The first time I hear uncle shouting, I creep out of bed, tip-toe to the bedroom door and crack it open. I see uncle lying on the couch with a creature on top of him, choking  him. I thought I was dreaming, so I rub my eyes and then when I look again, I see my mother standing right in front of me.

            “Lawd, chile, you sleepwalking again! You goin’ cause the death of me. Come, go back to bed,” she say, taking my hand and leading me back to bed. She tuck the cover tight around my body. Then she hug me and kiss me just like how she do when company around.

            The next morning, I tell my mother that I see a creature choking uncle on the couch the night before. 

            “You sure you wasn’t dreamin’ ‘bout chickcharnee?” she ask raising her eyebrows and looking at me sideways. 

            I know that look. She always do that just before she whisper to herself that somebody crazy. 

            “Chickcharnee is them creatures what does live in the forest and play tricks on people,” my mother continue. “They is half-bird and half-man. But what that Jezebel askin’ me question for, Elijah? That harlot what kill you, what she want know my business for, Elijah?”

            I leave my mother having her conversation with my so-long dead father. The noise continue every time my uncle visit but I never again get out of bed to see what making my uncle shout. I listen till I drop asleep wishing for my father to be alive in the living room, talking nice, nice with my mother and that the two of them happy to have a daughter like me.

            When my mother start carrying on and not even calling me by my right name, Vashti, a Bible name, as she tell everybody she meet, I just steer clear of her and go to find my cat, my only friend. My cat name Right So. I call her that because every time I feel sad or angry or I just have one of those ‘I not sure what wrong with me’ feelings, I hold my cat, caress her, listen to her purring like a little boat engine and before I know it, everything is right so.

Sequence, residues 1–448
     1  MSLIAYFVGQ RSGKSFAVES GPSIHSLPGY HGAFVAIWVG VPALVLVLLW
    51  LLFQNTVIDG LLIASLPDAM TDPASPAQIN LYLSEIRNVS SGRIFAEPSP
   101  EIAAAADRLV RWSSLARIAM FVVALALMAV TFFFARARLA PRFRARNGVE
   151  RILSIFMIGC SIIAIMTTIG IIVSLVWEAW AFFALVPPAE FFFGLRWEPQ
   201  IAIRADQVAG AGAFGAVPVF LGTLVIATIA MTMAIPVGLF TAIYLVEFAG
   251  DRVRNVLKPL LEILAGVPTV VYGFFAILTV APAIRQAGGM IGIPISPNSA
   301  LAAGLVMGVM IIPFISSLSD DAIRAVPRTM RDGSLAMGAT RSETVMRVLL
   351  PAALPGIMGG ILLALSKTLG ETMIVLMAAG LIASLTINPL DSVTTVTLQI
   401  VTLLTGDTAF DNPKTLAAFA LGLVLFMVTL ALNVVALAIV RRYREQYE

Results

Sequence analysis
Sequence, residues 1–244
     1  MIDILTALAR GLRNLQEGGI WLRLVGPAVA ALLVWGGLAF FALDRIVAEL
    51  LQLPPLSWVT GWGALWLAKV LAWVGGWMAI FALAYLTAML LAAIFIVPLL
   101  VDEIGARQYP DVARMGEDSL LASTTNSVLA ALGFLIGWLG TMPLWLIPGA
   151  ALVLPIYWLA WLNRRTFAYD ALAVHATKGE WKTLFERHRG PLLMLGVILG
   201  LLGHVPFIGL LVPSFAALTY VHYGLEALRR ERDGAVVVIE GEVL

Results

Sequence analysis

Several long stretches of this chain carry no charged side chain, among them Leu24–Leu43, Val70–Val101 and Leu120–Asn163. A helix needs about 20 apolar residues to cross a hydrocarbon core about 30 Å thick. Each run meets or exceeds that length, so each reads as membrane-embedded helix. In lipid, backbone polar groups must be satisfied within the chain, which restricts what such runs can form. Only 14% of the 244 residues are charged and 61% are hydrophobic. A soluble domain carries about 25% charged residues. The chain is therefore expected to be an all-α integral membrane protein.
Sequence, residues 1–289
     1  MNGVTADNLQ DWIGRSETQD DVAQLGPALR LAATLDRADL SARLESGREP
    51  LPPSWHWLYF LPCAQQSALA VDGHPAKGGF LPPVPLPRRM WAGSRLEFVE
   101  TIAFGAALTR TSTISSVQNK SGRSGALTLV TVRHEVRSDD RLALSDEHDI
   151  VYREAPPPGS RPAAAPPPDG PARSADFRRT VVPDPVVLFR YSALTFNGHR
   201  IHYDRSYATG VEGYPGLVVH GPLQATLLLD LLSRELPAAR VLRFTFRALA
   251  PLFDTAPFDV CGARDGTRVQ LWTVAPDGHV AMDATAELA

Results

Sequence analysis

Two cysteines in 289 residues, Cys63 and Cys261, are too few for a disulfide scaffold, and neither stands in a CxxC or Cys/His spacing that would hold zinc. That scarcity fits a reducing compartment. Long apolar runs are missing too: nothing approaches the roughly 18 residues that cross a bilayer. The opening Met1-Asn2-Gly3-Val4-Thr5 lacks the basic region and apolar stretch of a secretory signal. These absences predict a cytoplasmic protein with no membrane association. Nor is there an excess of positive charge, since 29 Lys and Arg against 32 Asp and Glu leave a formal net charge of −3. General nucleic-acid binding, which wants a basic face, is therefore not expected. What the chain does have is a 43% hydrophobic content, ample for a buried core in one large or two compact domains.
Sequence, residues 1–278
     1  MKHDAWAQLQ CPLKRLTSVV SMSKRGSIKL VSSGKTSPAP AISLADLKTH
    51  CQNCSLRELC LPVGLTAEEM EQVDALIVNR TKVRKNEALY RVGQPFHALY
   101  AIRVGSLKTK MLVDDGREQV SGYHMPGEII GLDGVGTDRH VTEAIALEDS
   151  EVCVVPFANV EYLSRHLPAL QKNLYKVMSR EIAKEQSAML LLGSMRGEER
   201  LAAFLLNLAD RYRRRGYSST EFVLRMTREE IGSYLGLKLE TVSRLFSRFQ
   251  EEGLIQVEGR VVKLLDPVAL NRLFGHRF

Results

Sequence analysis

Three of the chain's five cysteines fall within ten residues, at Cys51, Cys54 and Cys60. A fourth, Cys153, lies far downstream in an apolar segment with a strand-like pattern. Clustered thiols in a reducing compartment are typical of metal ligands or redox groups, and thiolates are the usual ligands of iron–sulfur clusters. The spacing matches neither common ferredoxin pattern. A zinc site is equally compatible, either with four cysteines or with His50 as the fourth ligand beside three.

Me and Right So does play a game. I does sit quiet, quiet and stare into her eyes, concentrating hard. She too, sit quiet, quiet and stare back into my eyes. Then, before long, it is as if I know everything she thinking and she know everything I thinking. Without moving my lips, with my mind, I say to Right So, “Come,” and quick, quick she jump into my lap. When I first start the game, I have to concentrate for a long time, so long that I get a headache. But now, I almost don’t have to concentrate at all. Right So and me, we have a good understanding.  

            Sometimes at night, I sneak out of the house with Right So and we go into the woods across the road. Right So love exploring the woods at night. There is a clearing in the woods where I does sit on the dry leaves and just listen to all the night creatures moving about in the darkness. I feel as if they talking to me, especially the crabs during crab season, who click and chatter away all night. 

            One day, my uncle wife call we house and say her husband dead the night before. My mother tell her she sorry. Then she say we can’t come to the funeral because Clarence Town, where they live, too far for me to travel.

            The day after my uncle dead, my mother stop talking to my father, go in the bedroom and lock the door, leaving me with no choice but to sleep on the couch in the front room. I feel sorry for her a little bit but that soon pass when I think about all the bad things she say to me and I continue wishing she was the one who was dead instead of my father and uncle.

            A week later, the telephone ring.  My mother did not come out the bedroom to answer it, so I pick it up. I hear a man say, “I am calling from  the Commissioner’s Office. To whom am I speaking?”

            “Vashti.” I answer.

            “Is that Vashti Cartwright?”

            “Yes.”